Then today, we worked all day and in early afternoon I was tired and hot and sweaty and after a sandwhich I sat in my easy chair in the family room to sit for a moment before going back outside. I had a Solo cup full of ice water at my side and turned to the PBS Create channel where Burt Wolf had some travel show on Switzerland (someplace Holly and I are travelling to in the future) and I started to relax. The sunlight was filtered and dappled coming through the French Door and blinds and the AC was keeping it comfortable, and it was so quiet........again...GONE. 2 hours later I waked in time to feed the cattle, do some poison ivy control and play a few games of yard darts before dinner. Tonight as I write this I feel relaxed, refreshed, and content.

You know, when we were contemplating buying a small farm as our retirement plan one of the things we always thought was just part of the whole experience was a red tractor. I used to have a metal one like this when I was a small boy that was part of a farm set many my age will remember. Remember the tin barn, the plastic corral, plastic rows of corn, a rooster, couple of cows etc.? Well as crazy as it sounds this International Harvester 424 fills a void for me and I am thoroughly enjoying having it. I brush hogged 7 acres of the neighbors and used the old John Deere rotary mower seen here. If you dont currently have a tractor, or have never heard an older one under load then you are really missing something. The sound is very pleasing.

I still need to sand blast this and paint it but its been properly lubed, the gear box oil changed, and a couple zerks replaced and it worked better than I could have expected.  
In the fore ground are our tomato plants, in the back ground the corn. The hay bales to the right will be our potato experiment and the peas will climb the cattle panels.

Onions, lettuce and radishes.
Beets and more lettuce..

Second year cherry trees are enjoying the mild spring..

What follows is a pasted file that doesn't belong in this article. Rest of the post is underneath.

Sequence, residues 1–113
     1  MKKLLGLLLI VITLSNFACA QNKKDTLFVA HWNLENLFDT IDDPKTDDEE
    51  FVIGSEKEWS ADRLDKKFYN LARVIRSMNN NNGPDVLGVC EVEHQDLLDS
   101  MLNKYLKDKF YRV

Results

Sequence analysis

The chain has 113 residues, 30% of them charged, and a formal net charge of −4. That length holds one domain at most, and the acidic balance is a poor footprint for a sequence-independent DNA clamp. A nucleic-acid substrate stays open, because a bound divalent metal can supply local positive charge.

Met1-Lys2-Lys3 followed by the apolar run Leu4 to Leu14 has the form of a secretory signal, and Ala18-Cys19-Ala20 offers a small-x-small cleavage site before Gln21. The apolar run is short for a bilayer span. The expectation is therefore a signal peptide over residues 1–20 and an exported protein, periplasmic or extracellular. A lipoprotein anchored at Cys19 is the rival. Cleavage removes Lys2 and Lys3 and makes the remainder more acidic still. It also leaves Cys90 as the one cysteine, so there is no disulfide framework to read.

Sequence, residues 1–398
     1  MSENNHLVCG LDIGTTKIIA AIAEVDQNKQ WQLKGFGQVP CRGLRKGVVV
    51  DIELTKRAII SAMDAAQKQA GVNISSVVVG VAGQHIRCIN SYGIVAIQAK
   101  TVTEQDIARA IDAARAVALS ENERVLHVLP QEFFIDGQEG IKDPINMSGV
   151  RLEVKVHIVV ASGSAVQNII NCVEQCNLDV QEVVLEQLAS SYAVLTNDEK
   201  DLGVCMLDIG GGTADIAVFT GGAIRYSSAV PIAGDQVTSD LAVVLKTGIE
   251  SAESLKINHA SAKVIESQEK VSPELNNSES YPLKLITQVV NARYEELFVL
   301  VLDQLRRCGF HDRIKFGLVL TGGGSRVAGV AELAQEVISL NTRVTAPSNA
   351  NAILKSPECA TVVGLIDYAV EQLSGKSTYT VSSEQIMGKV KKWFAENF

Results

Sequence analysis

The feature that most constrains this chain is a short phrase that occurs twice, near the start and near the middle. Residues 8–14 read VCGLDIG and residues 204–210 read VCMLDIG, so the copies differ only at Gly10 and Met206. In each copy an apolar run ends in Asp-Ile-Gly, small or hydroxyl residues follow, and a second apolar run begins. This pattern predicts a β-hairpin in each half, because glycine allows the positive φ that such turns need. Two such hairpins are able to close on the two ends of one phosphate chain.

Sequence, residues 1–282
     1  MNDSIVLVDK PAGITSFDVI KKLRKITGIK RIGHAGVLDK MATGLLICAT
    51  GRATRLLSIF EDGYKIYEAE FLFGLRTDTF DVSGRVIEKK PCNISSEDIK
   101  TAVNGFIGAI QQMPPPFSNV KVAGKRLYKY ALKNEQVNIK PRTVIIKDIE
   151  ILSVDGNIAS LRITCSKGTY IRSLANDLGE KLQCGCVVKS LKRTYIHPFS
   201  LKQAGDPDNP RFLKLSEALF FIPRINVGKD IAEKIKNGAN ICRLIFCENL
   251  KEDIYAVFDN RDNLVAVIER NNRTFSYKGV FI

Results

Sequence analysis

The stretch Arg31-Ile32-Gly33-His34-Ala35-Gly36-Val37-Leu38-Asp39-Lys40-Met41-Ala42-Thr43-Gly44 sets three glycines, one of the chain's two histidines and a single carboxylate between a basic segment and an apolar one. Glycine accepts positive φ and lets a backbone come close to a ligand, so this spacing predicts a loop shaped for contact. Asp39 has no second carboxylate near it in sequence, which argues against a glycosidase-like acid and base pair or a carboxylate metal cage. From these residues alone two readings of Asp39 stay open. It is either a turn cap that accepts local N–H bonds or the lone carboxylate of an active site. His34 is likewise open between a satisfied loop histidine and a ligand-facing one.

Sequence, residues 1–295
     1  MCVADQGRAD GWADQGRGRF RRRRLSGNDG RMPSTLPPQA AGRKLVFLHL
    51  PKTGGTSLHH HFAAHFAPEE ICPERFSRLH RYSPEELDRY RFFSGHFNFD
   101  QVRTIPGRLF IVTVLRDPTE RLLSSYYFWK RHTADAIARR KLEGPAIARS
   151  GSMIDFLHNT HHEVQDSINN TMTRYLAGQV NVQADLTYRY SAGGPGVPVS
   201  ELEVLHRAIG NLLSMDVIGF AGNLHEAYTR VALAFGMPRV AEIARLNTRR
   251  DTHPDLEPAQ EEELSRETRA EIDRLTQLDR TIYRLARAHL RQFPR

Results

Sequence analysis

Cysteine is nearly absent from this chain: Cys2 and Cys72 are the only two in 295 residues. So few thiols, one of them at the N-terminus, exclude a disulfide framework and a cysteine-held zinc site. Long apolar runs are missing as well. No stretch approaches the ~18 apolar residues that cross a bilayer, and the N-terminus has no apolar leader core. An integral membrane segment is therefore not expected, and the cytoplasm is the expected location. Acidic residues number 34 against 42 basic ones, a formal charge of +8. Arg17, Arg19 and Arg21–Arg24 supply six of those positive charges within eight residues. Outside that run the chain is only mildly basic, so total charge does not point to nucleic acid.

The bananas took a pounding with the late frost but have come back and we expect they will be 15 foot tall this year.
The colour of the house has really grown on us and we like it. It looks so clean.

And I am sure the radish references are getting old but I cant stress enough how easy they are to grow and how much enjoyment you can get out of them. Even if you live on a sail boat (we have) you could have a small pot of radishes and they really spice up a salad. Look at the size of that one on the left...it was not mealy or of bad flavour....just crisp, spicy hot, and tasty!

 If you are living really rural like we are you do for yourself or perish. Both of us are heavily involved in the Volunteer Fire department and I must admit I never could have fathomed how much effort goes into making a rural volunteer department successful. All of us contribute something to the mix and we do our own maintenance, we write grants, we file taxes, and in this case, we dig our own sewer, electrical, and water lines. Rural folks know how to do things out of necessity and I admit I learn everytime I help out.

Luckily we had access to a track loader and we all have tracotrs with buckets and lots of tools so in 8 hours we had everything laid. Right behind where this picture was taken will be an old double wide class room we got from a school in Springfield that was closed down...it will be a training area and much needed office space for us. This is our hometown now and its satisfying being part of things like this.